A Biblical perspective concerning Jesus and women, Part 4
Well, this is now Part 4 of the series ‘A Biblical perspective concerning Jesus and women,’ and in Part 3 we had just begun to examine the passage concerning the Samaritan woman at the well who had just encountered the Lord Jesus one hot day at noon. She experienced her encounter with the Lord Jesus and it had just surely changed her life forever. We left off from the last article, at the place where the Lord Jesus tells the woman to go and get her husband and to come back to the well.
The Samaritan woman responded to the Lord Jesus’ command and answered Him, “I have no husband!” One can surmise that this was surely and odd request, at least by our modern standards, but not so in that day. This was also a more obvious way for the Lord Jesus to involve the town’s residents by having them come out to the city well and resort there and listen to the teaching that the Lord was about to give. What better place to teach about the concept of living water? By positioning Himself next to a physical well of water, He had a built-in aid to help them learn His instructions about the new life that He was about to inaugurate. Besides which, by asking the woman to go and bring her husband back, this also demonstrated to the woman that He was just not the everyday Jewish man walking through Samaria, but that He was a prophet indeed. Jesus’ next words told the woman this when He stated in:
You have well said that you do not have a husband. For you have had five husbands and the one you are currently living with is not your husband.” The woman responded, “Sir, I perceive that you are a prophet.
The woman now receiving this information, she turns the conversation immediately to religion and she launches into the topic concerning the Jewish vs. Samarian worship places, and which one is the correct place to worship the True God. But here we have an unusual situation to be sure. We have a woman who steps out of her cultural norms to address a Jewish Rabbi by asking Him which place of worship is the correct one. Not only did Jewish men not converse with women, they most certainly did not with Samaritan women. Women of any culture did not speak with men other than the men in their family, except of course when they went to the market and of a necessity had to negotiate prices.
Once again, the Lord Jesus adroitly ignores her polemical jab and states unequivocally:
Woman, believe me, the hour comes when you shall neither in this mountain, nor at Jerusalem, worship the Father. But the hour comes when the true worshippers shall worship the Father in spirit and truth, for the Father seeks such to worship Him. God is Spirit and they that worship Him must worship in Spirit and Truth.
The Lord Jesus didn’t perceive any difficulty at all with Him teaching this woman privately, despite the fact that she was a Samaritan, a woman, and she was viewed as a base sinner. With this in mind, it still is difficult for this author to comprehend why some theologians refuse to see that the Lord did not discriminate in His dealings with people. He did not choose only men to have as His disciples, but clearly made an open call to both women and men to follow Him and to become His disciples. Clearly, the Lord Jesus opened the salvific pathway to both genders, and the pathway to discipleship and service was now being offered to both. By the standards of His day, the Lord Jesus would have been considered a radical feminist. Although this term should not be viewed by 21st century ideaologies of feminism, but rather by the standards by which His Father, the Creator had originally created both male and female. The Creator had originally given to both the male and the female full authority over all of His creation and they were both on a plane of equality with each other. It was sin that disrupted this perfect relationship that Adam and Eve shared together. It was also this same knowledge of the Scriptures regarding Creation that the Lord Jesus continually operated from in his dealings with both men and women.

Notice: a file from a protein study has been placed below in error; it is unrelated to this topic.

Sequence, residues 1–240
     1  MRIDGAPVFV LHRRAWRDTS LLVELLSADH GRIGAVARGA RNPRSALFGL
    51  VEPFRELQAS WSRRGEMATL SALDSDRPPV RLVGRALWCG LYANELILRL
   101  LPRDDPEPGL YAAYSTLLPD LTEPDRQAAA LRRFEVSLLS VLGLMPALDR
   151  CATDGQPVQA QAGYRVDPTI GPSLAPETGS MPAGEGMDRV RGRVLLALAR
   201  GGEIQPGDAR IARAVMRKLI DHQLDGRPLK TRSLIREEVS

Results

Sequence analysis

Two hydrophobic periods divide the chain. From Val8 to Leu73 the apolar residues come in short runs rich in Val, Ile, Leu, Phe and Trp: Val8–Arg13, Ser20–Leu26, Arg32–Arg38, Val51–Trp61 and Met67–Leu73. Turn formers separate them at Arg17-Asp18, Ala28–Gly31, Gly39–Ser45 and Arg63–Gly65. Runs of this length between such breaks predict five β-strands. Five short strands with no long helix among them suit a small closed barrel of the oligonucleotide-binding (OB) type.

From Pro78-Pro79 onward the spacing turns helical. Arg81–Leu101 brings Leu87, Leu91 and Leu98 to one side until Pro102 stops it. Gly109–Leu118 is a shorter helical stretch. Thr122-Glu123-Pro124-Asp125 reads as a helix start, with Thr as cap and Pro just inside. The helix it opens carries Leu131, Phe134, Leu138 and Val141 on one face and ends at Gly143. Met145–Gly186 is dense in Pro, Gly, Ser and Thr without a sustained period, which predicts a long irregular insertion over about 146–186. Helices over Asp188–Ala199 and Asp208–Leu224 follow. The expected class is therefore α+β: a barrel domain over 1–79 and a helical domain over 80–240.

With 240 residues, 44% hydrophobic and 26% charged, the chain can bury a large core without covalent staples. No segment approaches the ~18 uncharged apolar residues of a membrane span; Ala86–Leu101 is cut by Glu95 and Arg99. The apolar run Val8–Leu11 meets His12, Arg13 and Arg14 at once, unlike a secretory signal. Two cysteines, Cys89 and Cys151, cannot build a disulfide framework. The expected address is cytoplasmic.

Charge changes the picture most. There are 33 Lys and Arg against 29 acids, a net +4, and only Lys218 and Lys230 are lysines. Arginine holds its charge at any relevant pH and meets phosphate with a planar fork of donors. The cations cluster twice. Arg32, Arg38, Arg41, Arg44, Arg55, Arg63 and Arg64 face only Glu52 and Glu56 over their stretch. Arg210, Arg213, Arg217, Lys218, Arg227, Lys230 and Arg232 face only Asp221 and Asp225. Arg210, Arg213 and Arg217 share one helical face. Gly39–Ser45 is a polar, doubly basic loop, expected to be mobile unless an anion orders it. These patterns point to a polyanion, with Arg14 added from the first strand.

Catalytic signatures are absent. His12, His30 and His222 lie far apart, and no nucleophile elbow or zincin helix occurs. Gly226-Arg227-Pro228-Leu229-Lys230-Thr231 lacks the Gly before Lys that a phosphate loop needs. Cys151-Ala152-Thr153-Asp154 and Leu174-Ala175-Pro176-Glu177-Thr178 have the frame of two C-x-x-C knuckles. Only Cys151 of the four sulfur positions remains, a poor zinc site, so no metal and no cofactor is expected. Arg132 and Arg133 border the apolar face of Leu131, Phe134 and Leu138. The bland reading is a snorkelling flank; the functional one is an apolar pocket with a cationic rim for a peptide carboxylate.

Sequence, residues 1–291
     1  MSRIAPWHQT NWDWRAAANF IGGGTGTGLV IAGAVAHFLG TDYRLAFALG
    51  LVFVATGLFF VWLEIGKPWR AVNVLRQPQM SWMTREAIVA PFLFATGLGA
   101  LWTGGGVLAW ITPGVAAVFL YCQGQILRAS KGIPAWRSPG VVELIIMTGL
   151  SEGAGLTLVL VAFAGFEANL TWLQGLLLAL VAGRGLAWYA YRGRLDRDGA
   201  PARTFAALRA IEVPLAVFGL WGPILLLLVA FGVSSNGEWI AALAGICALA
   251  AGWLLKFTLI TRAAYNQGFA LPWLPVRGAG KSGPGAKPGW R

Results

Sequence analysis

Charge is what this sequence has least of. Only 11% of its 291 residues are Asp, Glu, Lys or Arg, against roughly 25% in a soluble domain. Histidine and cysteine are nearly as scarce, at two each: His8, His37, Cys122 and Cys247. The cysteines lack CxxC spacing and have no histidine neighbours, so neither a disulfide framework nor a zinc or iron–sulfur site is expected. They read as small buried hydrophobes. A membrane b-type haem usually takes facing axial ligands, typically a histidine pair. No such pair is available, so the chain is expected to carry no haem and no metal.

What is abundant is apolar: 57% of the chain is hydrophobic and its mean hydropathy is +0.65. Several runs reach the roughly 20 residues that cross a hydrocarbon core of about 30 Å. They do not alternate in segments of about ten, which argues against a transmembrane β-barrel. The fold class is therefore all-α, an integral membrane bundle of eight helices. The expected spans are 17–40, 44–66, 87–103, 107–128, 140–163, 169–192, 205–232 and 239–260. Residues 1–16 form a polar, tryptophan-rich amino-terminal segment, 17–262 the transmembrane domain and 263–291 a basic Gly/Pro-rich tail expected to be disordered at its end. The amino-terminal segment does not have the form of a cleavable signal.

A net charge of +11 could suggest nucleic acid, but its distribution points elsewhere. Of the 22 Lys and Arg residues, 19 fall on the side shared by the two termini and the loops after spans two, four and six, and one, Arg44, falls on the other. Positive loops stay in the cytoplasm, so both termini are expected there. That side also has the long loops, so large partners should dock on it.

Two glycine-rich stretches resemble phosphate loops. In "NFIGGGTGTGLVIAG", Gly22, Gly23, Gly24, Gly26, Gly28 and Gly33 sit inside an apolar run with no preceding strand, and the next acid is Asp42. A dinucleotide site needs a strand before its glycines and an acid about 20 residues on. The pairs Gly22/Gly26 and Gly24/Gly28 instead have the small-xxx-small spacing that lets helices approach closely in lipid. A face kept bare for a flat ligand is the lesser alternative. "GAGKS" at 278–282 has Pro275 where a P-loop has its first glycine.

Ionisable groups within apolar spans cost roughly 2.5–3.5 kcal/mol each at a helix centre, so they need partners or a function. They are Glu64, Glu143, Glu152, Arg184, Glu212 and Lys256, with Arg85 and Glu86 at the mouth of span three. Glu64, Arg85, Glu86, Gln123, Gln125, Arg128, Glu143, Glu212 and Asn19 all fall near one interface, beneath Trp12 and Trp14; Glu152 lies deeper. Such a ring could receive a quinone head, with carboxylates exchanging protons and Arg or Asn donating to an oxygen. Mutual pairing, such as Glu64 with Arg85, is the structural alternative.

As with the next two verses, the Lord Jesus often revealed to women what He did not with the men. Here, the Samaritan woman is the first one that the Lord Jesus revealed without question that He was the Messiah, the one that the Jewish nation had waited for thousands of years. It should also be noted that she belonged to the despised race of the Samaritans, the ones whom the Jews would have no dealings with at all. Yet here He honors this despised woman with such an astounding truth.
The woman said unto Him, I know that Messias comes, which is called Christ: when He is come He will tell us all things. Jesus said unto her,
I that speak to thee am He.
It might be difficult for the modern reader to comprehend the full force of the honor accorded to this woman. Simply said, Jewish women were not directly taught the Scriptures, if they were to learn anything about the Word of God they learned it only by listening to the men discussing the Scriptures. Then also she was a Samaritan and she was a sinner, even rejected by her own people. Yet here was the Messiah Himself openly accepting her and treating her as His equal and being a woman of worth in His eyes.
Teachings in this series have been adapted from this writer’s book as listed below:
(Robinson, J. The Holy, the Common and The Despised, © 2009). You can follow this link and purchase the full copy of the book, but there are only a limited number of copies left.
So, if the issues of gender equality, not just for women, but for both women and men functioning as equals in the church is a concern for any of my readers, then you should check out Christians for Biblical Equality. They have a local branch, the Chicago Greater Chapter and they may be reached at firstname.lastname@example.org if you would like to inquire about membership.